Using AI To Optimize IoT at the Edge
Artificial intelligence has the potential to revolutionize the combined application of IoT and edge computing. Here are some thought-provoking possibilities.
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As more companies combine Internet of Things (IoT) devices and edge computing capabilities, people are becoming increasingly curious about how they could use artificial intelligence (AI) to optimize those applications. Here are some thought-provoking possibilities.
Improving IoT Sensor Inference Accuracy With Machine Learning
Technology researchers are still in the early stages of investigating how to improve the performance of edge-deployed IoT sensors with machine learning. Some early applications include using sensors for image-classification tasks or those involving natural language processing. However, one example shows how people are making progress.
Researchers at IMDEA Networks recognized that using IoT sensors for specific deep-learning tasks may mean the sensors cannot guarantee specific quality-of-service requirements, such as latency and inference accuracy. However, the people working on this project developed a machine learning algorithm called AMR² to help with this challenge.
AMR² utilizes an edge computing infrastructure to make IoT sensor inferences more accurate while enabling faster responses and real-time analyses. Experiments suggested the algorithm improved inference accuracy by up to 40% compared to the results of basic scheduling tasks that did not use the algorithm.
They found an efficient scheduling algorithm such as this one is essential for helping IoT sensors work properly when deployed at the edge. A project researcher pointed out that the AMR² algorithm could impact an execution delay if a developer used it for a service similar to Google Photos, which classifies images by the elements they include. A developer could deploy the algorithm to ensure the user does not notice such delays when using the app.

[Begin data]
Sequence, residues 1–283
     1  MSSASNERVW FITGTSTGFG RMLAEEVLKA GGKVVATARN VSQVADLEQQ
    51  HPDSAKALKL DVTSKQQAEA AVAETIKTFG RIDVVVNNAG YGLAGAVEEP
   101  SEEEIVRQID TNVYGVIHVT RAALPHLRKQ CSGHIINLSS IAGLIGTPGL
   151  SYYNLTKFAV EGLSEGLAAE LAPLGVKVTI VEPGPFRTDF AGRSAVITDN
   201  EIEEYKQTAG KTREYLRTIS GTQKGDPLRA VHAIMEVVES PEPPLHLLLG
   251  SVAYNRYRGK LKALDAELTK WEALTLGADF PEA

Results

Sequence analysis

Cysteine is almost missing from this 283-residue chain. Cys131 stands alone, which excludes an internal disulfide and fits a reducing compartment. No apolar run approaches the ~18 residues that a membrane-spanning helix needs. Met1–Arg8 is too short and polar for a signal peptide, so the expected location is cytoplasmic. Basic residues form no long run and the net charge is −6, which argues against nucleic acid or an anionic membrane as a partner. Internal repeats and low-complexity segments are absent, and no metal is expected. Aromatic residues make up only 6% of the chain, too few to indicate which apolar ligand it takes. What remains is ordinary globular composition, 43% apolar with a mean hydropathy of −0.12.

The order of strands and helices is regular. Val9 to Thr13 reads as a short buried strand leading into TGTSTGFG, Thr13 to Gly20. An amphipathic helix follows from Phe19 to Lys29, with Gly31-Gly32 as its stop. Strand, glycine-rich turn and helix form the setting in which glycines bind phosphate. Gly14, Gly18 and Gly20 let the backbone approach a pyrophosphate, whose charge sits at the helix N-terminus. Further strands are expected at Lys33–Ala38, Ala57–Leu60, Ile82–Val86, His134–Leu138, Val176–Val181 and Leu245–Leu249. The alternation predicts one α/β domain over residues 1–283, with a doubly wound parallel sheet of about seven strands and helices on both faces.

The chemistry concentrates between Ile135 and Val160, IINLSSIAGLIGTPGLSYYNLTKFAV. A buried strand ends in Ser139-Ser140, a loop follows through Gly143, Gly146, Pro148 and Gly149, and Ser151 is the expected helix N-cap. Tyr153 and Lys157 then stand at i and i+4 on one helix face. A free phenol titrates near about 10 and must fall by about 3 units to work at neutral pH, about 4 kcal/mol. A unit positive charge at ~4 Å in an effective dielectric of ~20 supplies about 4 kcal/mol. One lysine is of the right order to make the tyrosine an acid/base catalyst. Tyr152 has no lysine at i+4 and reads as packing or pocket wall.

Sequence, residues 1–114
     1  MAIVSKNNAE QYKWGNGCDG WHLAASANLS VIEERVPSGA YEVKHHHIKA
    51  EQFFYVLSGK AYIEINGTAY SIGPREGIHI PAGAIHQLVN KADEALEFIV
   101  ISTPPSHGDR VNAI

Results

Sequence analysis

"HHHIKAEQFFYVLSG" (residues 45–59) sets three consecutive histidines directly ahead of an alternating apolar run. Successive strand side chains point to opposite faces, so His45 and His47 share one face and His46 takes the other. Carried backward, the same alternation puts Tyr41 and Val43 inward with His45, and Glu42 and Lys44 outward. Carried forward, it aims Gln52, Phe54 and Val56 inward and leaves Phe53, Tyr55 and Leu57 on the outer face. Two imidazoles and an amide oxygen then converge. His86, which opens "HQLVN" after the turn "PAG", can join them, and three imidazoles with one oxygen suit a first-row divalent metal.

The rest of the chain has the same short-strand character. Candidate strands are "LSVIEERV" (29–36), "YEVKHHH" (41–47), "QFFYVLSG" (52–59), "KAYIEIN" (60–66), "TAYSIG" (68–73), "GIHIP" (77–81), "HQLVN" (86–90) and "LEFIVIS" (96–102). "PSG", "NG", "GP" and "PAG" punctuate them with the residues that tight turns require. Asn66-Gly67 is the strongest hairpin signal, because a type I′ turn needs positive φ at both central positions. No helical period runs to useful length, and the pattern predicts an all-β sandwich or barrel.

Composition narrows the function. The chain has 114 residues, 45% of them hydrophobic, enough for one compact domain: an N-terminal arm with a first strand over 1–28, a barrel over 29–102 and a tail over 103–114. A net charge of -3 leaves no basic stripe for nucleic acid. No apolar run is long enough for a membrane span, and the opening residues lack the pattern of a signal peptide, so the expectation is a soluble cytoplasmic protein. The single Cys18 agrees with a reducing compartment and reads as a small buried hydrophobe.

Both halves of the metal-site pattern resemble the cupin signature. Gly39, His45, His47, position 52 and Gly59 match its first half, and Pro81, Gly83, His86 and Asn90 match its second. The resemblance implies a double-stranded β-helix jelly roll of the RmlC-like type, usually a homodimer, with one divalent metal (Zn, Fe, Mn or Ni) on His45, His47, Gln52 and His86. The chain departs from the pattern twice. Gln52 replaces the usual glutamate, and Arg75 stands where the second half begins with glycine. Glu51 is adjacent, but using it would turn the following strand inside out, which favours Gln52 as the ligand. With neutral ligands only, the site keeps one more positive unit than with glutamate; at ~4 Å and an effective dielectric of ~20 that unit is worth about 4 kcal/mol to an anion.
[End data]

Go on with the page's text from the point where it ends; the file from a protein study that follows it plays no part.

Reducing Energy Usage of Connected Devices With AI at the Edge
A 2023 study of chief financial officers at tech companies determined 80% expect revenue increases in the coming year. However, that’s arguably most likely to happen if employees understand customers’ needs and provide products or services accordingly.
The manufacturers of many IoT devices intend for people to wear those products almost constantly. Some wearables detect if lone workers fall or become distressed or if people in physically demanding roles are becoming too tired and need to rest. In such cases, users must feel confident that their IoT devices will work reliably through their workdays and beyond.
That’s one of the reasons why researchers explored how using AI at the edge could improve the energy efficiency of IoT devices deployed to study the effects of a sedentary lifestyle on health and how correct posture could improve outcomes. Any IoT device that captures data about how people live must collect data continuously, requiring few or no instances where information gathering stops because the device runs out of battery.